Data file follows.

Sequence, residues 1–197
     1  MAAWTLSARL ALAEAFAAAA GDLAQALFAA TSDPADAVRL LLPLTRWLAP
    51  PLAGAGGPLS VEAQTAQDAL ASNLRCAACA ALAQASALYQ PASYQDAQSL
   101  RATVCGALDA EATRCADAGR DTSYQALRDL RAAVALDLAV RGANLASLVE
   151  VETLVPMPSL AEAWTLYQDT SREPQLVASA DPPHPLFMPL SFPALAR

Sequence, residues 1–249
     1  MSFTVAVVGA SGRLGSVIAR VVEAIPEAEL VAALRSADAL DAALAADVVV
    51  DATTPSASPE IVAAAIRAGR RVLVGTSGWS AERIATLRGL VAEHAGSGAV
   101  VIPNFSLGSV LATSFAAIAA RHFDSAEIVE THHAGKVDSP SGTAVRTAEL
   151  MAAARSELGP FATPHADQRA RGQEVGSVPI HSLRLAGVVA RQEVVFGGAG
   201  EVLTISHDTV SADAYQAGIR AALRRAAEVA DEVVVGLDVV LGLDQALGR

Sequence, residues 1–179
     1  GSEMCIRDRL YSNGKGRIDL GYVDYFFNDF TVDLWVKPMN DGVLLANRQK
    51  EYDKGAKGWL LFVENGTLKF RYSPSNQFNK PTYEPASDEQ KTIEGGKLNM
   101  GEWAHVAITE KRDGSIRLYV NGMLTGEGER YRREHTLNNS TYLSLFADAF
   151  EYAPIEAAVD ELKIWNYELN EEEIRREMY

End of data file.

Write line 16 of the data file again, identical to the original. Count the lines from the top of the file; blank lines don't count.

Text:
   151  EYAPIEAAVD ELKIWNYELN EEEIRREMY